“My playwriting professor, Brad Korbesmeyer [now the interim dean of Graduate Studies], left a huge impression on my writing,” Krug said. “Coming out of school, I thought I wanted to be a screenwriter. I had some publishing experience, so I transitioned to a PR role and it was a natural fit for me.”
Krug was working for a small PR firm in New York City and was hired by Rogers & Cowan, a national public relations company, and relocated to work in their LA office managing the consumer, sports and entertainment division.
“I only knew two people in LA,” Krug said. “It was a leap of faith that I’d recommend for anyone. If something scares you, that’s a good thing.”
Since then, she has worked at a few major PR firms, working with such clientele as Coca-Cola, General Mills and NFL. She was recruited by adventurer and television personality Bear Grylls to run his global company, Bear Grylls Ventures.
Most recently, Krug has been doing PR work with her business partner and friend Jon Harris through her own firm, Heather Krug PR & Marketing Consulting LLC, for Al Roker Entertainment, owned by Al Roker ’76 and based in New York City. Krug said that a proximity to LA’s entertainment capital makes it the perfect place to work in PR, although technology makes it easy to work with clients around the world.
LA also happens to be the perfect location to find fashion inspiration, said David LaDuke ’82, founder and president of American Garment, an apparel manufacturing company that has produced for many well-known brands such as Calvin Klein, DKNY, Polo Jeans and Kenneth Cole. After earning a degree in business administration at Oswego, LaDuke enrolled, alongside Ivy League graduates, in the highly competitive Macy’s Executive Corporate Training Program in New York City.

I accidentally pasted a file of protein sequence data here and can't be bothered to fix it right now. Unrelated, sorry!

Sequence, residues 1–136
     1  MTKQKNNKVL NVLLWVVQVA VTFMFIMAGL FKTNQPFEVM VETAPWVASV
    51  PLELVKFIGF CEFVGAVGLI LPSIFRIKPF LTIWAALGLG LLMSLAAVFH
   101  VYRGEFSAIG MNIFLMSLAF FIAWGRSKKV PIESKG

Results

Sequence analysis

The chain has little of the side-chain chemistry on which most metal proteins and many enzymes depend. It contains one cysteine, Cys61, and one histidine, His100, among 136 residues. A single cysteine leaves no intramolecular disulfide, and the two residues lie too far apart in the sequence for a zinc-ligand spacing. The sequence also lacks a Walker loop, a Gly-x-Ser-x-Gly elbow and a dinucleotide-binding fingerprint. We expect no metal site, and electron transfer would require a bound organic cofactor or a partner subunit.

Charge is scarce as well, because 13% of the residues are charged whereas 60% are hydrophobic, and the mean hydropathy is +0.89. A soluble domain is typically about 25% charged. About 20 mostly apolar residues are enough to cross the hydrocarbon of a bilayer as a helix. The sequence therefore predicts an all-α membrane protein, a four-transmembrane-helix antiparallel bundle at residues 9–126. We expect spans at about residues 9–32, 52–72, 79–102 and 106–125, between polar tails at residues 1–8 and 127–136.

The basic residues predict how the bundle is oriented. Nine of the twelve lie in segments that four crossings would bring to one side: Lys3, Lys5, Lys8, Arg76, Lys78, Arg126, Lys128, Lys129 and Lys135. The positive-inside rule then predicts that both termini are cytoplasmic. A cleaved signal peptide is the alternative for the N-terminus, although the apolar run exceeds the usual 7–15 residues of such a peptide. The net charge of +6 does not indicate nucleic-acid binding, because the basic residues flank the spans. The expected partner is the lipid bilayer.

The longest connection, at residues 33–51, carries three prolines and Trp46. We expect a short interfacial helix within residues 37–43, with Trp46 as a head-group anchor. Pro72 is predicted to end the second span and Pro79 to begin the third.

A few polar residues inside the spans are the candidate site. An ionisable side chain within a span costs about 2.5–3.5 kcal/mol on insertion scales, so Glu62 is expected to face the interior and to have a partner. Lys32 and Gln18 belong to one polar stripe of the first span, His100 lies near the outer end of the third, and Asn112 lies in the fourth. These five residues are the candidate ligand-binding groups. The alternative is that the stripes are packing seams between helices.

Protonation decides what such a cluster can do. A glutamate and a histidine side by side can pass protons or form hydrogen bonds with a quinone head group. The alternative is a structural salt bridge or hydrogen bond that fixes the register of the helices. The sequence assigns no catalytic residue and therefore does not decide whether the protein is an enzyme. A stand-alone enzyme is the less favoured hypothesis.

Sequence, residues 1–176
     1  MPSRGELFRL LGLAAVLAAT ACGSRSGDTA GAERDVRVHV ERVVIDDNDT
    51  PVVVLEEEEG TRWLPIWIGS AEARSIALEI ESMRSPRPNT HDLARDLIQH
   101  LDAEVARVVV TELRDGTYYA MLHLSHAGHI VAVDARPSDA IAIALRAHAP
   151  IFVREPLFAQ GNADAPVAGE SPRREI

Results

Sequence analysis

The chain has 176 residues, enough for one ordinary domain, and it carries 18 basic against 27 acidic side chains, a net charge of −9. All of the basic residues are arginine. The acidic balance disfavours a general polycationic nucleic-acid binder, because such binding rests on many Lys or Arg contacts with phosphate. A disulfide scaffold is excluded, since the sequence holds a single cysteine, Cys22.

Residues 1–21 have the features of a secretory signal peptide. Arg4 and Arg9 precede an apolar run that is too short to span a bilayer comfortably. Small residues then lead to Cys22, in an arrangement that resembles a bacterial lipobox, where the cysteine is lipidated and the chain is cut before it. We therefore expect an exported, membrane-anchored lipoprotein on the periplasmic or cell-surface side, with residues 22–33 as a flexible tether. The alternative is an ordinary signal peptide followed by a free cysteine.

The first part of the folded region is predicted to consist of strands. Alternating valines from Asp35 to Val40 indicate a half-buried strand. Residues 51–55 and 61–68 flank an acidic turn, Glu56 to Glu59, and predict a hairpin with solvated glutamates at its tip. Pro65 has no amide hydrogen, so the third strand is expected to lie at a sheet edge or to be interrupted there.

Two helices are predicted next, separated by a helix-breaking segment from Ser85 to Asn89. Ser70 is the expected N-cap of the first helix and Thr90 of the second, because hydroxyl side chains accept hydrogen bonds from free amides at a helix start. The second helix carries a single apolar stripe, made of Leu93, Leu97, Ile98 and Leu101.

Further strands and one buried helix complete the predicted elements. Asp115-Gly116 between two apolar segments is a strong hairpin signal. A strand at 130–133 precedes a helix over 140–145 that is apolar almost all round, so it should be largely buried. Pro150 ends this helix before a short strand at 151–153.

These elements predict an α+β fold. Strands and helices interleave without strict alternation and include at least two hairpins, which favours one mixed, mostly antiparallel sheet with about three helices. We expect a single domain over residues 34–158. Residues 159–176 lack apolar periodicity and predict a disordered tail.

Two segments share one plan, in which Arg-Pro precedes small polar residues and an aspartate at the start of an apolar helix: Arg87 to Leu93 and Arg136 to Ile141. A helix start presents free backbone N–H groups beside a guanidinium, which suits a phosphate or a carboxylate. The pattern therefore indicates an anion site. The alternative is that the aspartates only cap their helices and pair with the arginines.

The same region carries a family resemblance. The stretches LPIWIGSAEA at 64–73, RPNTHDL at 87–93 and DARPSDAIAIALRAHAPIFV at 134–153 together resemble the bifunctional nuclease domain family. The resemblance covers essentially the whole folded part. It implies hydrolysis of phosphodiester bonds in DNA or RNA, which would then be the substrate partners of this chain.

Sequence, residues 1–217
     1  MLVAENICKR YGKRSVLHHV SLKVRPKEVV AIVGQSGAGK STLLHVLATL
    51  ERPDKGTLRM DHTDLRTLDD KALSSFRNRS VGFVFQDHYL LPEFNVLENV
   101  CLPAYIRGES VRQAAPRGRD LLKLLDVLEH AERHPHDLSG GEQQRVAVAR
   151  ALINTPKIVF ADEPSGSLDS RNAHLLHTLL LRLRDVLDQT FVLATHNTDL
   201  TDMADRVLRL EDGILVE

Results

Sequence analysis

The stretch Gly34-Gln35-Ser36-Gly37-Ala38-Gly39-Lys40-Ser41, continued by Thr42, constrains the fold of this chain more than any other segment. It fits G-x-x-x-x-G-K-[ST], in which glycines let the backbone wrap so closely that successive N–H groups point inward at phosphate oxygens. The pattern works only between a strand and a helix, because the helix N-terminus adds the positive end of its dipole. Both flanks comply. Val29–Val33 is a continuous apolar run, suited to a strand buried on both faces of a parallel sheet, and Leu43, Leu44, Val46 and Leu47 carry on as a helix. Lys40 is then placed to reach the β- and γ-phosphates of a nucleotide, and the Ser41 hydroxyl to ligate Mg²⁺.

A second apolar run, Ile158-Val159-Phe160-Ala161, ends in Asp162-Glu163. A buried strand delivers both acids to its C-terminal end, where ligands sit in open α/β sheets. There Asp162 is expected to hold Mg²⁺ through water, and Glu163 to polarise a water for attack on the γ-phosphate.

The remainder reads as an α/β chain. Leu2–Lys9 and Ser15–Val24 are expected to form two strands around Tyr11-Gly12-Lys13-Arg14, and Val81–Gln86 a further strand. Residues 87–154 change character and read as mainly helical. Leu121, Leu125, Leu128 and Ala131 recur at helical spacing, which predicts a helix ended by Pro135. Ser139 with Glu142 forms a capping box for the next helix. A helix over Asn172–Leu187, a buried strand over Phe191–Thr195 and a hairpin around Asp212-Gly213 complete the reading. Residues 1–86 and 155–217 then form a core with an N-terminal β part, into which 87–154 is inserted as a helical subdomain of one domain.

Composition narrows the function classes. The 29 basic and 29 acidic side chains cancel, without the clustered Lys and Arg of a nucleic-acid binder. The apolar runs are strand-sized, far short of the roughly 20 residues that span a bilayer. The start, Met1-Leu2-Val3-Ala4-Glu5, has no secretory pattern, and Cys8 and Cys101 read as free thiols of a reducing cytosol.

“I’m from Upstate New York, but I was living in the city working for Unionbay, managing the East Coast women’s business,” LaDuke said. “I was getting tired of the everyday bustle of New York City, so I left my job.”
LaDuke landed in LA after being recruited by a major denim production company. In 2004, LaDuke founded American Garment from the connections he had made in the apparel manufacturing business. Although much of his role is overseeing the day-to-day operations, LaDuke enjoys the creative side of the process. He started his own line of clothing called Laila Jayde and enjoys painting on the side.
“Sometimes just from walking the streets of LA or going to restaurants, you can get a feel for the colors and trends that people are wearing and buying,” LaDuke said.
Despite being 2,684 miles from Oswego, LA alumni still find ways to stay connected to their alma mater and their friends they made at Oswego.
“Some of my closest friends are still from Oswego,” said Krug, PR pro. “There are about eight of us who keep in touch regularly and meet up whenever possible.”
Attending or hosting regional events in the area, speaking with current students and recent alumni, supporting the college financially or returning home to speak to current students and see former classmates are just a few ways that the powerful network of alumni in the LA area stay involved.
“Going to college at Oswego, you learn a lot about yourself, and you learn a lot about other people,” copyright lawyer Gerdes said. “You’re in close quarters, often because of the cold, with people from all areas of life and people that you might never have met otherwise. It was an amazing experience.”
–Tyler Edic ’13
Learn more about Oswego alumni in the Los Angeles area in Oz to LA: LA Fast Facts.
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I am a New York expatriate myself, came to Los Angeles right after graduation, and feel that it was one of the best moves of my life. It’s an amazing place to live.